Source: Dr. Smith's ECG Blog - October 29, 2021 Category: Cardiology Authors: Pendell Source Type: blogs

Acute Pulmonary Edema, PEA Arrest, LBBB, First degree AV Block, and STD maximal in V3, V4
An elderly woman had sudden SOB and 911 was called.  Medics found her with labored breathing and 75% saturations.  She was put on high flow oxygen.  After placing her in the ambulance, she had a PEA arrest.  She was intubated and ventilated, and given compression decompression CPR with theResQPod andResQPump.Aside:these 2 devices were invented by researcher Keith Lurie, who is in the Department of EM here at Hennepin; this isthe only method of CPR ever proven in a randomized trial to improve outcome in cardiac arrest see this ResQTrial, published in Lancet in 2011:Treatment of out-of-hospital cardi...
Source: Dr. Smith's ECG Blog - October 25, 2021 Category: Cardiology Authors: Steve Smith Source Type: blogs

An elderly man who dies 12 hours later - could he have been saved?
Sent by Anonymous, written by Pendell Meyers and Steve SmithAn elderly man with good neurologic baseline but history of CABG presented to the ED with acute lightheadedness, shortness of breath, and chest pressure radiating to both arms. He had just recently been admitted for similar symptoms which had been diagnosed as an NSTEMI, and he received a stent to the ostial LCX one week ago. At that time his EF was 30%. He returned to the same hospital where he had just received his LCX stent.Here is his first ECG at triage, with chest pain temporarily resolved:He then had spontaneous return of chest pain while in the ED, wi...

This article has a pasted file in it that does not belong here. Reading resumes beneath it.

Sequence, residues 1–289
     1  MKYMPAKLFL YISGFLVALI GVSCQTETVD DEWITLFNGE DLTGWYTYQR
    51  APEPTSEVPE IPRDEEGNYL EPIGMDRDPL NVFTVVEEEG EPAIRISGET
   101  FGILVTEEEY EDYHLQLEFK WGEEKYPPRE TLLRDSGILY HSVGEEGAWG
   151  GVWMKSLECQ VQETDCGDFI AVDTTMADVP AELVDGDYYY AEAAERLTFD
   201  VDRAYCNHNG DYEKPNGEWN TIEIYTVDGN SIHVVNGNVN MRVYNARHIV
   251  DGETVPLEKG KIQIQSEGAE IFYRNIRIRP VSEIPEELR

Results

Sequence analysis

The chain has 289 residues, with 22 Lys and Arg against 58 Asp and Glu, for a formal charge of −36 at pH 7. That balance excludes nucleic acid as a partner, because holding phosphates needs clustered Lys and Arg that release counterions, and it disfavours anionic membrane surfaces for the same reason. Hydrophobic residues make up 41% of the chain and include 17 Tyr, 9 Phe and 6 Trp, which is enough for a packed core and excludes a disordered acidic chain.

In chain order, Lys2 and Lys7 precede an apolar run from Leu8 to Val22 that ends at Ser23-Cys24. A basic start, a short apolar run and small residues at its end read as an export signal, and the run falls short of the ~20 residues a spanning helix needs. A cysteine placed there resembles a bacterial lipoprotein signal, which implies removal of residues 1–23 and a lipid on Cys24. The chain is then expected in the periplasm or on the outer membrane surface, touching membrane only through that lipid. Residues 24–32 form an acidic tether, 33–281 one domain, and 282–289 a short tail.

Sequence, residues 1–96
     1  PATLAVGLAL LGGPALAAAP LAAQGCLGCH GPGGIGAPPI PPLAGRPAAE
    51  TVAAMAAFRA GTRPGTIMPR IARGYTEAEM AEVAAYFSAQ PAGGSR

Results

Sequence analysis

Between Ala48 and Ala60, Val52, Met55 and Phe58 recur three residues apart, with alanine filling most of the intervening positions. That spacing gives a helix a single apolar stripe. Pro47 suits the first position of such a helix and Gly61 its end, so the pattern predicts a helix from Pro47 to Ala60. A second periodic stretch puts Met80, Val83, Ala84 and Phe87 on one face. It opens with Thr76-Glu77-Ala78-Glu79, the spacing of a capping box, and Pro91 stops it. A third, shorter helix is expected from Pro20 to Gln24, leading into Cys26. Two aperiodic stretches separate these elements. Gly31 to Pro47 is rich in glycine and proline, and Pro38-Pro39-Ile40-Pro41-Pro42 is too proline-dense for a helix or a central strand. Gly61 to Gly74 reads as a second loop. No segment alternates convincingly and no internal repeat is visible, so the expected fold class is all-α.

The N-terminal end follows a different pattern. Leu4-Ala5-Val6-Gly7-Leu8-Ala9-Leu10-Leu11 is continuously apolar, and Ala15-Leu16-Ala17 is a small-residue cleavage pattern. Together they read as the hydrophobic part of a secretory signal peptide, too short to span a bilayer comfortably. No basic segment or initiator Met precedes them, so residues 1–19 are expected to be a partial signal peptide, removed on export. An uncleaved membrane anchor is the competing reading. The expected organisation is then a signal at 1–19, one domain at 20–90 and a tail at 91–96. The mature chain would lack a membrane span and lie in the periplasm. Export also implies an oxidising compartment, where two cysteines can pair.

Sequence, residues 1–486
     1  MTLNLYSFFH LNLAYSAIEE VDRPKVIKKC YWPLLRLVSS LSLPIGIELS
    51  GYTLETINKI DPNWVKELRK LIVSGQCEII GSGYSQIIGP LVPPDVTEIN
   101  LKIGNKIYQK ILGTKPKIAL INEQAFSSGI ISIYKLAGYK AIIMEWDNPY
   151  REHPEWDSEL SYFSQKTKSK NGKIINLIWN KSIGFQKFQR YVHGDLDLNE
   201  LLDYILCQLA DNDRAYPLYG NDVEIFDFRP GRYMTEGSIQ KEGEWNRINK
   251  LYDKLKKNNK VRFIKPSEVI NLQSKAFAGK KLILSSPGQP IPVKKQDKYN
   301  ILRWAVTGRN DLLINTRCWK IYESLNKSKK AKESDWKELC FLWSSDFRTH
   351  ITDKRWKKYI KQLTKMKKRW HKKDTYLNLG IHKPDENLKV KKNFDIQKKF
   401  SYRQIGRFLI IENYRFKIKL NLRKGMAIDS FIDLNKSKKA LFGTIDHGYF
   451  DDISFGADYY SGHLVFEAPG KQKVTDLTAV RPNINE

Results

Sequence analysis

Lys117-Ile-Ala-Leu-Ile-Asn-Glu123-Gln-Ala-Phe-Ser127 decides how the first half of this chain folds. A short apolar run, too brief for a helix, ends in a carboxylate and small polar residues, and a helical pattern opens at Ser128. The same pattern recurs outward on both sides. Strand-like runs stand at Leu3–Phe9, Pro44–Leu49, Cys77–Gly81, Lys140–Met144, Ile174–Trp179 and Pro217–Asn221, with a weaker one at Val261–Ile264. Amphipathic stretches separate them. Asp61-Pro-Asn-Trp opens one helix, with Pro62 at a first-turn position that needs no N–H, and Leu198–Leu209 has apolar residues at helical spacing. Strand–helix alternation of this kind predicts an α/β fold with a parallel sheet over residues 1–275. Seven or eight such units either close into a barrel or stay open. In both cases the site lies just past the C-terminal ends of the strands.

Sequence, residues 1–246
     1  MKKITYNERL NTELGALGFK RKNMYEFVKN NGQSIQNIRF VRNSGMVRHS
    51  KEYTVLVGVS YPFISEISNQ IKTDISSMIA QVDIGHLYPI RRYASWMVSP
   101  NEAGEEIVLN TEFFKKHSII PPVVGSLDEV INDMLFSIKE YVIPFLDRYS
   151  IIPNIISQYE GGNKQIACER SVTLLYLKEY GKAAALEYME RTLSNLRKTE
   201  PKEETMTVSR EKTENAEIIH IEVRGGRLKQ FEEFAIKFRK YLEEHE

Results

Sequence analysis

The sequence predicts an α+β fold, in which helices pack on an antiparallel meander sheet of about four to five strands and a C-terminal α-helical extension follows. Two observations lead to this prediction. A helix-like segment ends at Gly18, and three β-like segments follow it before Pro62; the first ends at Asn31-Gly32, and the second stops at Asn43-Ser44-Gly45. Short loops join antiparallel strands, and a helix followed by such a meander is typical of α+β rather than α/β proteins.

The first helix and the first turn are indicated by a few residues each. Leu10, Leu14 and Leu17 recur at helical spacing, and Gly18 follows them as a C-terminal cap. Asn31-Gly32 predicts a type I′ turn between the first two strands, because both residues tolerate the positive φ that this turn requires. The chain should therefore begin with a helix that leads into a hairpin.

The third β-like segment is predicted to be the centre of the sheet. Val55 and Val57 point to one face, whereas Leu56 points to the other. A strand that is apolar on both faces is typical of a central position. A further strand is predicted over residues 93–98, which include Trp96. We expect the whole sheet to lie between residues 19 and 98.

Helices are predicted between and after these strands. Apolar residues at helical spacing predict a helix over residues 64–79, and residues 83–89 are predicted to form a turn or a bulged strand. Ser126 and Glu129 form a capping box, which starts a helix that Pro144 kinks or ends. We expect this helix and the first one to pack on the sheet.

Source: Dr. Smith's ECG Blog - October 22, 2021 Category: Cardiology Authors: Pendell Source Type: blogs

I thought the ECG diagnosis was obvious. But many missed it. So I'm showing it.
I was reading ECGs in the system and came across this one:What do you think?Computer diagnosis: --ST DEVIATION AND MARKED T-WAVE ABNORMALITY, ANTEROLATERAL ISCHEMIA --ST DEVIATION AND MODERATE T-WAVE ABNORMALITY, CONSIDER INFERIOR ISCHEMIA I thought the ECG diagnosis was obvious, but no comment was made by the providers who ordered it.  That could be because they never saw it, as the patient eloped before full evaluation.  But then I showed it to multiple smart providers and not a single one saw it.  So I thought it would be good to show it to blog readers.Everyone went straight to the ST...
Source: Dr. Smith's ECG Blog - October 18, 2021 Category: Cardiology Authors: Steve Smith Source Type: blogs

A 50s year old man with lightheadedness and bradycardia
 Written by Pendell Meyers with edits by Smith and GrauerA man in his 50s with history of end stage renal disease on dialysis, prior bradycardia episode requiring transvenous pacemaker, diabetes, and hypertension, presented to the ED for evaluation of acute onset dizziness and lightheadedness starting several hours prior to arrival. These symptoms prevented him from going to dialysis, and his last session was three days ago. EMS found him with a heart rate of 30 bpm but normal blood pressure. He received 0.5 mg atropine with increased in heart rate to the 60s with improvement in symptoms. He denied chest pain or short...
Source: Dr. Smith's ECG Blog - October 16, 2021 Category: Cardiology Authors: Pendell Source Type: blogs

A New Seizure in a Healthy 20-something